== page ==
14 May 2007

Economist Leads On Blair

I haven't said much about Blair's departure because I prefer to look to the future, but this week's leader in the Economist (which costs about £4 in Czech money) provoked me into responding. I couldn't fail to fisk the following extract from their front article.


...On most measures, Mr Blair has left Britain a better place than it was in 1997. Uninterrupted economic growth has made the average Britain substantially better off, even if the tax burden has risen.

Research by the Centre for Policy Studies shows that double-income families with two children have seen their disposable weekly income fall in real terms from £709 to £706 a week between 2002 and 2006. It’s also worth noting the change in average household debt. In 1997 it was £16,155. In 2007 it is £54,318.
There are fewer tatty schools and run-down hospitals.
Indeed, there are substantially fewer schools and hospitals. There are 5% less state primaries now than in 1997, 6% less state secondaries, 10% less special schools and 17% less LEA nurseries and the government is running a mass hospital closure programme. In an event without precedent, in 2001, an independent MP unseated a Labour MP on a platform of protecting public health services.

And as for rundown hospitals, the chances of picking up preventable infections in a hospital has ballooned under Labour.
Although many exams lack rigour, more children are getting respectable grades
And you write this in support of Blair?
and going on to universities.
To what end? Meanwhile people are needing to work for longer than ever as the pension industry has collapsed under Labour.
Thanks to the minimum wage and tax credits for poor working families, the forces relentlessly pushing up income inequality under Margaret Thatcher have been blunted.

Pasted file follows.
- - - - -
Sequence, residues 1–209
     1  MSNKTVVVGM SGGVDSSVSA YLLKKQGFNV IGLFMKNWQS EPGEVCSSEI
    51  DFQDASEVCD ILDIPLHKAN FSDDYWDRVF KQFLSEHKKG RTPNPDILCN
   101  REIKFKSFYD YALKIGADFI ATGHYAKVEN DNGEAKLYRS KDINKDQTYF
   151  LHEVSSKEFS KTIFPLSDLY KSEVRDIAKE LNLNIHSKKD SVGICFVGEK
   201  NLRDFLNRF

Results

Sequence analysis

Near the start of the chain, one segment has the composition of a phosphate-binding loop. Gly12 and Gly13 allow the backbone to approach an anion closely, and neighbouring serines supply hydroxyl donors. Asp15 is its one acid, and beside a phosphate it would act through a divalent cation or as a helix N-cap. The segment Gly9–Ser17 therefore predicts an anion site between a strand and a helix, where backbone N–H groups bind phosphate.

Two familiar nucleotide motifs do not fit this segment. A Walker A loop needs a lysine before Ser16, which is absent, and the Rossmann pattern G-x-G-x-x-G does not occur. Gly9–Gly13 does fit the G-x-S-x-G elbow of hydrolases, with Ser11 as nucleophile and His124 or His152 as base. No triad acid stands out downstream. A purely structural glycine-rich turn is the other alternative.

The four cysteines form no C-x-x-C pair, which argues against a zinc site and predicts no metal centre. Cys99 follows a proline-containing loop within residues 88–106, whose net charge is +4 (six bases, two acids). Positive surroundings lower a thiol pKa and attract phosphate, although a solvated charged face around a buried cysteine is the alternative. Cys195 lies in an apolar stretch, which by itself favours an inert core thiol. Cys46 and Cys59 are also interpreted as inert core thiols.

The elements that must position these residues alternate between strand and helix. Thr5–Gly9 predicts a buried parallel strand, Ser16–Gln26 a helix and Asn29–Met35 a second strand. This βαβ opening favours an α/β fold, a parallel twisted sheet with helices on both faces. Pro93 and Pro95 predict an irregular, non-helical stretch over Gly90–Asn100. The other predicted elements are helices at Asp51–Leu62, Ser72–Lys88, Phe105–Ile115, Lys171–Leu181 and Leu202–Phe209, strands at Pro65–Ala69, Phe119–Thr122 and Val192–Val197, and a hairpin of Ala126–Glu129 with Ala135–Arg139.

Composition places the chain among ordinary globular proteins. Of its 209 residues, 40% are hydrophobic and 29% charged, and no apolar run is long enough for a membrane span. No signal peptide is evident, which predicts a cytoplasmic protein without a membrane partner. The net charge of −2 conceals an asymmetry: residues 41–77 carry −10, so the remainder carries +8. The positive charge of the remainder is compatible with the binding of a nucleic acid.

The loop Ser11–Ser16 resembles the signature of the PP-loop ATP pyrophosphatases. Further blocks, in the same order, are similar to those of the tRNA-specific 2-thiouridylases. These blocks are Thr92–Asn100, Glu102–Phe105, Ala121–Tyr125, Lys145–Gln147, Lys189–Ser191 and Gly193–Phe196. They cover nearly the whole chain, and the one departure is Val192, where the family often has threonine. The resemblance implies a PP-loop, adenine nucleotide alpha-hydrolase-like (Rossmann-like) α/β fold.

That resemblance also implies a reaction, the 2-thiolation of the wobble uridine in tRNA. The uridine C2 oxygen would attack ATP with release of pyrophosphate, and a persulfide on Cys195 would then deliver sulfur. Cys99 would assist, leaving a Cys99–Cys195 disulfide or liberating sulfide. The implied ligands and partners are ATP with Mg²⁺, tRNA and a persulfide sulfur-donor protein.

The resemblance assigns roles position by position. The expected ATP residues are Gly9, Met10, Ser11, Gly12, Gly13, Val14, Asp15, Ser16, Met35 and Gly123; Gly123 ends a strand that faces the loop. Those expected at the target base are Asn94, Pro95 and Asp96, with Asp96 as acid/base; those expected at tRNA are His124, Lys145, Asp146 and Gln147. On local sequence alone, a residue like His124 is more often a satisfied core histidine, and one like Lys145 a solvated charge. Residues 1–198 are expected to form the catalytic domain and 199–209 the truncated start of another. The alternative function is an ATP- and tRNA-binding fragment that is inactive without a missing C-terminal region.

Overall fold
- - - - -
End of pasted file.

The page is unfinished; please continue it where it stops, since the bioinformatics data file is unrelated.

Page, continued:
Neither of those policies help the very poorest – the eight million economically inactive British adults. Inequality has continued to rise under Labour.
These things are measurable
So why does it seem that you didn’t bother?
Less easy to prove, but just as valuable, are the ways in which Mr Blair has helped make Britain a more tolerant,
There are few signs that Labour has created a “safer, more tolerant society” as the Home Office mantra goes. I wished they had just concentrated on making it safer.
more cosmopolitan place.
Like much of this article this is very ambiguous. Whilst there may be more cultures that co-exist there is also strong evidence that there is less mixing between them – one aspect of which was described in the report Sleep-walking towards segregation. A clearer way of making this point would be that Blair has undermined national identity and institutions.
There is a human rights act now;
Which is in total disrepute and allowed plane hijackers to claim asylum in the UK. This is not the Economist that I’ve been reading for over 15 years. Why the acceptance of the damaging left-wing touchstone of unconditional human rights?
civil partnerships for homosexuals are recognised.
But has this made the country more tolerant? Much as I am loath to invoke them, check the hate crime figures.
Self-government for Scotland,
At an enormous cost
Also at great cost but with an assembly with very few powers.
and now even Northern Ireland
whose Parliament has been suspended for most of its existence.
has extended democracy:
But has reduced democracy in England
peace in Ulster must rank amongst Mr Blair’s greatest successes.
Despite other factors such as the change in mood after 9/11 and the Republic’s economic success and disinterest in a united Ireland being more powerful factors.
Class matters less:
Social mobility is at an all time low.
the fact that the Tories are led by an Old Etonian is, strangely, a sign of progress.